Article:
GSU Commandant Douglas Kanja, who led the Dusit operation, is among top cops considered potential replacements for Inspector General of police Joseph Boinnet.
Other potential candidates are Police spokesman Owino Wahong’o, Government spokesman Eric Kiraithe and DCI boss George Kinoti.
Boinnet will exit at the end of March after a four–year non-renewable term.
With a month left, there has been intense lobbying and political manoeuvres for the top seat.
Kinoti, also a former police spokesman, is a no-nonsense cop. He is at the forefront of the war on corruption, and has made high-profile arrests.
Kanja is a long-serving police officer, who has risen through the ranks to his current position of Assistant Inspector General, heading the GSU.
Prior to his current posting, he served as the Kilifi county police chief. He is a specialist in firearms and has served as the Police Service Chief Armoury.
Recently, he commanded GSU officers in a rescue mission following the Dusit2 Hotel attack.
The well-coordinated response by his team was widely praised. President Uhuru Kenyatta acknowledged him at a meeting of security chiefs in Mombasa last week.
Owino is a familiar face in the media in his police spokesman’s role. He is a fierce defender of police, a career officer, who has risen through the ranks from a police constable to Assistant Inspector General of police.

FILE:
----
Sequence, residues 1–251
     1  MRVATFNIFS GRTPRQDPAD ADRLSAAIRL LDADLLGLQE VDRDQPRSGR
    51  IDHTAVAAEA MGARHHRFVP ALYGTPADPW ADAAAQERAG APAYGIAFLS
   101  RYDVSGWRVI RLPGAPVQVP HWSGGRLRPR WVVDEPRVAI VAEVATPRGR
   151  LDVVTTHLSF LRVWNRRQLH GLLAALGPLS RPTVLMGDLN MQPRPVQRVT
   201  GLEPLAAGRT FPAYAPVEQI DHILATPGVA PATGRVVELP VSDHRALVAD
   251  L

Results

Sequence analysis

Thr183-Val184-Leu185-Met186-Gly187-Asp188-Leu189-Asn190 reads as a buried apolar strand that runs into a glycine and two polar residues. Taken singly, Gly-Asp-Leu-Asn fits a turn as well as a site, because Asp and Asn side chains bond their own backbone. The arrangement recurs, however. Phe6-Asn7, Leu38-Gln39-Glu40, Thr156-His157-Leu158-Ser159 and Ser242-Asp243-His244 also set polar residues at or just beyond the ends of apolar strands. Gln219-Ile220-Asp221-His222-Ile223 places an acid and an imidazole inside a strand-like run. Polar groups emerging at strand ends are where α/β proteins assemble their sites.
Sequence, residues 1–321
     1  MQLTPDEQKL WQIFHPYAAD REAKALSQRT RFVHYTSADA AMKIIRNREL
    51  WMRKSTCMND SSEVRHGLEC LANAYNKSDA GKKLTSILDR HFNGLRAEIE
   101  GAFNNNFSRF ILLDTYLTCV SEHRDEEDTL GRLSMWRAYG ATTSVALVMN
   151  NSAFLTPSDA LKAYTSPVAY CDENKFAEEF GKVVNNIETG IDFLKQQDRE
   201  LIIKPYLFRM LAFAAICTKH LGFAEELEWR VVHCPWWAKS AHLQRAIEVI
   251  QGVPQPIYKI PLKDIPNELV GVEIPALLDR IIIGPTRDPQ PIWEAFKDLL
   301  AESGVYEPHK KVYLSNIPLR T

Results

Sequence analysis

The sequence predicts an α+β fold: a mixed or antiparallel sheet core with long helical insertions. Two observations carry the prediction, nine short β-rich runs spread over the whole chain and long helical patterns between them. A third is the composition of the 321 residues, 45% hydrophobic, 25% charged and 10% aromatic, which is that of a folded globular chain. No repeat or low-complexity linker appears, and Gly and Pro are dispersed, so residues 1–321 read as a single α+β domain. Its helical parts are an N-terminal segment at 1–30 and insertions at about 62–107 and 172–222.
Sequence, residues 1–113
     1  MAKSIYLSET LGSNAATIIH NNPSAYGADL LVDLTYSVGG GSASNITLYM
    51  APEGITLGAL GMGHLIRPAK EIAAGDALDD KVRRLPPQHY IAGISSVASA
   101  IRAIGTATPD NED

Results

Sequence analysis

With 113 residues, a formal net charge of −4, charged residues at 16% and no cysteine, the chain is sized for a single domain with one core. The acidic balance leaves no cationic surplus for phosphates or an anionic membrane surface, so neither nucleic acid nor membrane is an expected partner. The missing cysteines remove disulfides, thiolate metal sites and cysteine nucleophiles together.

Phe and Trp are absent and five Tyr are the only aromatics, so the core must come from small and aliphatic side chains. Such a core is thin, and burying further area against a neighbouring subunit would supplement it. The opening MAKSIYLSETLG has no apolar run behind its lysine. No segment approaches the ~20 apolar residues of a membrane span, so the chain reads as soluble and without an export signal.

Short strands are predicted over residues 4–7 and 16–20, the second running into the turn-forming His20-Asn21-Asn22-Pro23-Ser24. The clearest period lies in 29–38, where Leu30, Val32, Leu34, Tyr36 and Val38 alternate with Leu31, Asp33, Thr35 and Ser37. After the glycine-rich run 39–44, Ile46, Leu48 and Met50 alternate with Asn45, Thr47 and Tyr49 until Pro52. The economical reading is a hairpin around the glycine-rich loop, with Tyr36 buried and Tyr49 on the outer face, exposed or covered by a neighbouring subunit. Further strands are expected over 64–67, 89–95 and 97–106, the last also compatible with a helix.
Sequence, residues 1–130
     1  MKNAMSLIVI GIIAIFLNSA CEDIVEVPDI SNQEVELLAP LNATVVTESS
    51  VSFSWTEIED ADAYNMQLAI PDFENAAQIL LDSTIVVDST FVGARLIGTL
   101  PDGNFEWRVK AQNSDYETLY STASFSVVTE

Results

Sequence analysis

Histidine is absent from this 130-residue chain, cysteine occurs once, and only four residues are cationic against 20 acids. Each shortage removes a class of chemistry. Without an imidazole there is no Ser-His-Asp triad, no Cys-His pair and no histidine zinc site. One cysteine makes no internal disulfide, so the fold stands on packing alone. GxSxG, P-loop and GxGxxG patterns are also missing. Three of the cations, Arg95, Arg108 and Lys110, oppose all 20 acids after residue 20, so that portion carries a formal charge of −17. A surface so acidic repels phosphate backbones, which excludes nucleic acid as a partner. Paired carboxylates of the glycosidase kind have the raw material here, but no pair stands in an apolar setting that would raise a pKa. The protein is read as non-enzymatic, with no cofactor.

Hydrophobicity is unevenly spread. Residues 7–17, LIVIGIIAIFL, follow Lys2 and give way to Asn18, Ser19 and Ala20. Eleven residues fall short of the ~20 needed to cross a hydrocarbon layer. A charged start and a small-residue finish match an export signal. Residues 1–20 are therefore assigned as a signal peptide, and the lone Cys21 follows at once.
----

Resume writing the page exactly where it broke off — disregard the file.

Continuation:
Owino has served as a police station commander at the Kenya Ports in Mombasa, and a divisional commander in Njoro. He also was at the DCI as an investigator.
Kiraithe was a long-serving police spokesman before he was appointed a general manager at the Kenya Airports Authority in-charge of security. He was later named Government spokesman.
Kiraithe is also a career officer, who has risen through the ranks. He previously served in the Anti-Stock Theft Unit. He was among nine top police officers who had been shortlisted for the position of Inspector General in 2012. Former IG David Kimaiyo got the job.
Kiraithe is likely to face challenges despite his impressive CV due to ethnic balancing; some top serving police commanders are also from Meru.
The government has initiated recruitment of new members of the National Police Service Commission. It is tasked with recruiting the next IG.
Ten individuals, among them former National Assembly speaker Kenneth Marende, have been shortlisted for interviews as commissioners. The term of the former commissioners expired last year.
The NPSC will advertise the position of IG, shortlist applicants, conduct interviews and forward two names to the President.
The President will then submit his choice to Parliament for vetting and adoption.